All told, he finished his career with 382 homers over 16 seasons, before moving on to a coaching and managerial career, making him somewhat of a baseball lifer.
I loved him when he was with the New York Yankees later in his coaching career! I mean, how often do you get to appreciate a guy who was so nasty as a player that he had TWO great nicknames: “The Capital Punisher”, and “Hondo”!



Friday, September 4, 2020


Today’s blog post has a “not so missing” 1974 card for former New York Yankees pitcher Jim Magnuson, who appeared in eight games during the 1973 season:

Magnuson went 0-1 over those eight appearances, pitching to an earned run average of 4.28 in 27.1 innings of work, all out of the bullpen.
Magnuson spent the previous year in the Minor Leagues, but was originally up to the Big Leagues in 1970 as a member of the Chicago White Sox, going 1-5 over 13 games with an ERA of 4.84 in 44.2 innings.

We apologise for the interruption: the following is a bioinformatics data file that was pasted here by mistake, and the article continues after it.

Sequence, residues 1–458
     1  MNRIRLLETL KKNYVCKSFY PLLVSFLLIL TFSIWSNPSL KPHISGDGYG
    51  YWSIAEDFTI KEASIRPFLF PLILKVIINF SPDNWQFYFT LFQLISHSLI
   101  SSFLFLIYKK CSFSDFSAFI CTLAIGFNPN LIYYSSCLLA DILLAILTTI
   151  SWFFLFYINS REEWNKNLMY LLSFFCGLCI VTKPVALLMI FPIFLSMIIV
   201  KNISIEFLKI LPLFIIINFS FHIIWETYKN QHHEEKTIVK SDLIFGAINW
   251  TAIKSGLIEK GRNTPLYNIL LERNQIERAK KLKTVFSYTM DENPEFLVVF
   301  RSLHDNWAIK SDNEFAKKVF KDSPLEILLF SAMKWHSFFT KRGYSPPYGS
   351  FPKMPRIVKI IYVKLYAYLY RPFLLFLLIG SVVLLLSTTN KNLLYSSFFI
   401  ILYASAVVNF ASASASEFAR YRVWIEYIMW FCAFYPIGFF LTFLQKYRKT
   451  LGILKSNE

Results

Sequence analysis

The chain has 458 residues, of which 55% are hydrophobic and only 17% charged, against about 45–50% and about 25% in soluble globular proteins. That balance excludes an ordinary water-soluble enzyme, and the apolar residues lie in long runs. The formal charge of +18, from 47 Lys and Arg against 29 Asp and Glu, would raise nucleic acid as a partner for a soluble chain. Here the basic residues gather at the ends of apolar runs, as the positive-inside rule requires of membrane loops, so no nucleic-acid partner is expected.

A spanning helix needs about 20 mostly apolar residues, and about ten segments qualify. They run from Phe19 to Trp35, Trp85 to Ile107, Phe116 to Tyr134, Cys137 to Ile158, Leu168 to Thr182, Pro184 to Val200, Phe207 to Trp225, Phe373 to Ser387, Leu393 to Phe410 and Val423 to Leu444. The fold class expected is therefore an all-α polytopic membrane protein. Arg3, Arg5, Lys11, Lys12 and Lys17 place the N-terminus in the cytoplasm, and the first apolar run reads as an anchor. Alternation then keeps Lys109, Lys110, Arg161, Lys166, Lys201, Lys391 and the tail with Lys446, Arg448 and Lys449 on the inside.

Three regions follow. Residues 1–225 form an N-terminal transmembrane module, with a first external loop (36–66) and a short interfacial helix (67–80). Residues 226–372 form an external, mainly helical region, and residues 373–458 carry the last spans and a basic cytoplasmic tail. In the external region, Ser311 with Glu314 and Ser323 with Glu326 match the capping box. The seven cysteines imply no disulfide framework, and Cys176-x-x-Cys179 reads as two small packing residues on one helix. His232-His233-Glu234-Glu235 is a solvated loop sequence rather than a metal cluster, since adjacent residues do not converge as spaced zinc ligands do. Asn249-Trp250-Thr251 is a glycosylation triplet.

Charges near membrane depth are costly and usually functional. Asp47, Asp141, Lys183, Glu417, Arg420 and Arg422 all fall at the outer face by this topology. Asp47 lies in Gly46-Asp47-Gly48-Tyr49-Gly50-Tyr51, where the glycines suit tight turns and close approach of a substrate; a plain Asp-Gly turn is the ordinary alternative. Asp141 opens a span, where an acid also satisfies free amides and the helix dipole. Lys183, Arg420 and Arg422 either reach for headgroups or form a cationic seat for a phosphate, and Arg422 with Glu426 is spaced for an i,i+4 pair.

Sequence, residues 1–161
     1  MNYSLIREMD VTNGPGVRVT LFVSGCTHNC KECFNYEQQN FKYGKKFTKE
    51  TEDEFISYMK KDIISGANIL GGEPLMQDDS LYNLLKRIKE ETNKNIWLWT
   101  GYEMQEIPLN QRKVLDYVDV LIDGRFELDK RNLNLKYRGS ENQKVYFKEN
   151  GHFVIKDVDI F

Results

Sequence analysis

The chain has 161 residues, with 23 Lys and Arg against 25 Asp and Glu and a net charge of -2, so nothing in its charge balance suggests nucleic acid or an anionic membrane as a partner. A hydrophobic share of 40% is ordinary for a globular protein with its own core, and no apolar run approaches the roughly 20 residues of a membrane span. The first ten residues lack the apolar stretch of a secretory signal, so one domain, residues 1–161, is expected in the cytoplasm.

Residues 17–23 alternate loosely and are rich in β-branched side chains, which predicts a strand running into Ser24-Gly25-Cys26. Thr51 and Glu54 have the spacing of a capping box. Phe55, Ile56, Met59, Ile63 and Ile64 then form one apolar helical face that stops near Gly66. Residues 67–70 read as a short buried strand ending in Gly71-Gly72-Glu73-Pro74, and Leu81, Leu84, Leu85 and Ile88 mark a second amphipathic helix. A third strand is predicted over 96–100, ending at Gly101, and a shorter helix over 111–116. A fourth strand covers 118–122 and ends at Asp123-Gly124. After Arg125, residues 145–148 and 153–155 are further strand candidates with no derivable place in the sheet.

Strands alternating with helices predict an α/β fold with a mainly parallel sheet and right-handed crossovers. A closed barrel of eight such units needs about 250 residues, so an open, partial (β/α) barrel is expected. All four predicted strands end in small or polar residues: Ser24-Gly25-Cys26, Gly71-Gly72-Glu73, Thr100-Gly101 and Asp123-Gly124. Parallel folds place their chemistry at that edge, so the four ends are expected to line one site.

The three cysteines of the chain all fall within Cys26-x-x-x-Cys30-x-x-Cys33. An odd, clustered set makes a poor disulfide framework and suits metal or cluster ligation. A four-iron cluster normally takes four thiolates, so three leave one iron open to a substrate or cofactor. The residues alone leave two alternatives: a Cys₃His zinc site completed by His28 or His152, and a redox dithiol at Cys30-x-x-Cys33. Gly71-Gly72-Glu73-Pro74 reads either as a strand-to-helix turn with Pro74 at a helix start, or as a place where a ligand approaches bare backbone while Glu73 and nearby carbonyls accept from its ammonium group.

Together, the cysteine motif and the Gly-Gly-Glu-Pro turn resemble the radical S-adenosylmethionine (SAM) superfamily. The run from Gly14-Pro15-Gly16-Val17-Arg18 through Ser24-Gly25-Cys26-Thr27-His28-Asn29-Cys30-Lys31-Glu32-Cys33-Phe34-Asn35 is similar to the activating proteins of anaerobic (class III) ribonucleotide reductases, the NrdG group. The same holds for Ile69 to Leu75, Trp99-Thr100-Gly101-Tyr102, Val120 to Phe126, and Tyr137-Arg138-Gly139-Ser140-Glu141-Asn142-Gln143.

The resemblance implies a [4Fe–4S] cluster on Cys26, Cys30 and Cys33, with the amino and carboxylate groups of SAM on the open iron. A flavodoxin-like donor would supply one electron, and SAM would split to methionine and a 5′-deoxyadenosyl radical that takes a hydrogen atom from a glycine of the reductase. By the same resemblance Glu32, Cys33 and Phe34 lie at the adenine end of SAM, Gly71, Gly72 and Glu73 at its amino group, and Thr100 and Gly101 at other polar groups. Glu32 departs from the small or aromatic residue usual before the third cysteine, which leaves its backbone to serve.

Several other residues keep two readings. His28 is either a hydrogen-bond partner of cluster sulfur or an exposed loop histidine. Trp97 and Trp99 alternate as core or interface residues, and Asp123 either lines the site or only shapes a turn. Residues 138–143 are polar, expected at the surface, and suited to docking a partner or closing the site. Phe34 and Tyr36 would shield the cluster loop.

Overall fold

The following season he appeared in 15 games, going 1-1 with an ERA of 4.50 in exactly 30 innings of work, starting four of those games.
Turns out those eight games in 1973 would be the last of his MLB career, and from what I can tell the last of his professional career, retiring at the age of 26.
All told, he finished with a career 2-7 record over 36 games, with an ERA of 4.59 in 102 innings, starting 10 games while closing out 17.



Thursday, September 3, 2020


Today’s blog post has a “not so missing” 1972 card for former infielder Ron Clark, who made it back to the Big Leagues in 1971, albeit for only two games with the Oakland A’s:

After spending all of 1970 in the Minors, Clark appeared in two games for Oakland in 1971, going 0-1 at the plate along with a base on balls.
Originally up in 1966 with the Minnesota Twins, he ended up playing parts of seven seasons in the Major Leagues, with his 104 games played in 1968 a career high by a long shot.